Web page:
If you're in China, Iran or some other country whose national firewall blocks BBC News, you can still access it over the Tor network at bbcnewsv2vjtpsuy.onion, which mirrors the main BBC News site as well as BBC Mundo and BBC Arabic. Read the rest
Even if you block cookies, many sites still track you with "browser fingerprinting," that use the unique combination of your screen resolution, browser and OS version, installed fonts and plugins, and other data that allows you to be reliably identified between sessions and across sites. Read the rest
Move over Wikileaks. A new leak site, Distributed Denial of Secrets (Tor), co-founded by "transparency activist" Emma Best, says they will leak hundreds of thousands of emails tomorrow, according to The Daily Beast. And many of them will be from Russia.
“Stuff from politicians, journalists, bankers, folks in oligarch and religious circles, nationalists, separatists, terrorists operating in Ukraine,” said Best, a national-security journalist and transparency activist. “Hundreds of thousands of emails, Skype and Facebook messages, along with lots of docs.”
Distributed Denial of Secrets, or DDoS, is a volunteer effort that launched last month. Its objective is to provide researchers and journalists with a central repository where they can find the terabytes of hacked and leaked documents that are appearing on the internet with growing regularity. The site is a kind of academic library or a museum for leak scholars, housing such diverse artifacts as the files North Korea stole from Sony in 2014, and a leak from the Special State Protection Service of Azerbaijan.
The site’s Russia section already includes a leak from Russia’s Ministry of the Interior, portions of which detailed the deployment of Russian troops to Ukraine at a time when the Kremlin was denying a military presence there. Though some material from that leak was published in 2014, about half of it wasn’t, and WikiLeaks reportedly rejected a request to host the files two years later, at a time when Julian Assange was focused on exposing Democratic Party documents passed to WikiLeaks by Kremlin hackers.
Getting all your data to flow through the Tor network can be tricky -- the desktop Tor Browser only tunnels your web-traffic through the privacy-protecting service, and the mobile apps can be tricky and uncertain. Read the rest
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The Dark Web Map is a visualization of the structure of Tor's onion services, a.k.a. hidden services, a.k.a. the dark web. The map consist of 6,608 dark web sites crawled during January 2018. Each site is represented in the map as a screenshot, and sites with structural similarity are connected with a line. Groups of sites that are all similar to each other are arranged into clusters. You can move around the map and zoom in to areas of interest.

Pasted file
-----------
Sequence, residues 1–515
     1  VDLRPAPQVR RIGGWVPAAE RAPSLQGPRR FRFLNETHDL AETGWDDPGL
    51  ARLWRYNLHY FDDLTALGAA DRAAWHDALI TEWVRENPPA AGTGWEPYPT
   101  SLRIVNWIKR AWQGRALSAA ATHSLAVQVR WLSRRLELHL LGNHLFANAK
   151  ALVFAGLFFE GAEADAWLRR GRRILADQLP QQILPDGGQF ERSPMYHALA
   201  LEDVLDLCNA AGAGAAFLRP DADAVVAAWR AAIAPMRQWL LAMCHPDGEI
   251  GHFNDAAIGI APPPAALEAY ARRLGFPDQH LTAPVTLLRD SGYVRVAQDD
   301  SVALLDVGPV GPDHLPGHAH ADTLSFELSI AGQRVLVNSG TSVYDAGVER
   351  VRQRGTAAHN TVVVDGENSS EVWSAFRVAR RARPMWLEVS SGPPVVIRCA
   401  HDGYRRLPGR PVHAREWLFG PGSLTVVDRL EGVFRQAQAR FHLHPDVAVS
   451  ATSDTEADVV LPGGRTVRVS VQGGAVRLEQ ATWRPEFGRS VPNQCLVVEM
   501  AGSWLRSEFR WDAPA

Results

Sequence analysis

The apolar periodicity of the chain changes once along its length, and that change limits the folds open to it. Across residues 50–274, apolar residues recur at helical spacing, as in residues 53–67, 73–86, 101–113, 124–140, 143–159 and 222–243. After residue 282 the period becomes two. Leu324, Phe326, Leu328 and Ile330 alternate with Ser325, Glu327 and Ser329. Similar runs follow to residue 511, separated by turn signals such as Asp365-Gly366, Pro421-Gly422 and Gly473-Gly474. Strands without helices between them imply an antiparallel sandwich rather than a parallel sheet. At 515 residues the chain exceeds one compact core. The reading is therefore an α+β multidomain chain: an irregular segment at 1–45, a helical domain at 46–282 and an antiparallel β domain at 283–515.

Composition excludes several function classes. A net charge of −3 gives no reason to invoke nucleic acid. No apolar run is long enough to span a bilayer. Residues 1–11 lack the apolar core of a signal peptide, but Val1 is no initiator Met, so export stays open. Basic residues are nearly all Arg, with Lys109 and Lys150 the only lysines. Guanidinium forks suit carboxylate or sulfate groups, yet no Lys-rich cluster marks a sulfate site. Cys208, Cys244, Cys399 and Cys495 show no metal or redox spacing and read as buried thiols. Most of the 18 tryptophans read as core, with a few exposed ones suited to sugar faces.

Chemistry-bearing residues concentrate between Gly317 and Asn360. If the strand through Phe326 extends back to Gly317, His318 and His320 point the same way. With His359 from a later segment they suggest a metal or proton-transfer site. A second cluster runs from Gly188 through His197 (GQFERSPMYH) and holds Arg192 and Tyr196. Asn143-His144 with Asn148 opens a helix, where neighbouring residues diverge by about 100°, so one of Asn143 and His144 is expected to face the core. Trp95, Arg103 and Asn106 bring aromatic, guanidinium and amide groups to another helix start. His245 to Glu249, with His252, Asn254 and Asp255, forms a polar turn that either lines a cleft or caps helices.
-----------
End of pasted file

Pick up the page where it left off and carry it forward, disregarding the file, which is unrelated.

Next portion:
Cloudflare has terminated service to Sci-Hub, the site that provides paywall-free access to virtually all scholarly work, citing Aaron Swartz as inspiration -- Cloudflare previously serviced the sci-hub.la, sci-hub.tv, and sci-hub.tw domains, but in response to an injunction obtained by the American Chemical Society, they will no longer provide that service. Read the rest
The New York Times is now available as an "Onion Service" on the Tor network, at the address https://www.nytimes3xbfgragh.onion/ -- meaning that anyone with Tor access can securely and privately access the Times without giving away any information about what they're looking at, even to state-level actors who control the ISPs. Read the rest
Zerodium is a cyber-arms dealer that produces hacking tools for governments by buying up newly discovered defects in widely used systems, weaponizing them and then selling them to be used against criminals, activists, journalists and other targets of state surveillance. Read the rest
If you're using an anonymity tool -- Tor or something like it -- to be anonymous on the internet, it's really easy to screw it up and do something that would allow an adversary of varying degrees of power (up to and including powerful governments) to unmask you. Read the rest
The Tor Project's "Ten Principles for User Protection in Hostile States" is both thoughtful and thought-provoking -- it's a list that excites my interest as someone who cares about the use of technology in improving lives and organizing political movements (principle 1 is "Do not rely on the law to protect systems or users" -- a call to technologists -- while number 7 is aimed at companies, "Invest in cryptographic R&D to replace non-cryptographic systems" and principle 2 says "Prepare policy commentary for quick response to crisis," which suggests that the law, while not reliable, can't be ignored); and also as a science fiction writer (check out those tags! "Acausal trade," "Pluralistic singularity" and "Golden path"! Yowza!) Read the rest
Calyx is a famous, heroic, radical ISP that has been involved in groundbreaking litigation -- they were the first company to ever get a secret Patriot Act warrant unsealed, fighting for 11 years to overturn the gag order. Read the rest
I first encountered the idea of "social contracts" for software projects in Neal Stephenson's seminal essay In the Beginning Was the Command Line, which endorsed the Debian project on the strength of its social contract: "As far as I know, Debian is the only Linux distribution that has its own constitution." Read the rest
This summer, DoJ Cybercrime Lab director Ovie Carroll presented at a Federal Judicial Seminar in San Diego, attended by over 100 US federal judges, where he recommended that the judges should use Tor -- The Onion Router, subject of much handwringing and serious technological assaults from the US government, but which is also primarily funded by the USG -- to protect their personal information while using their home and work computers. Read the rest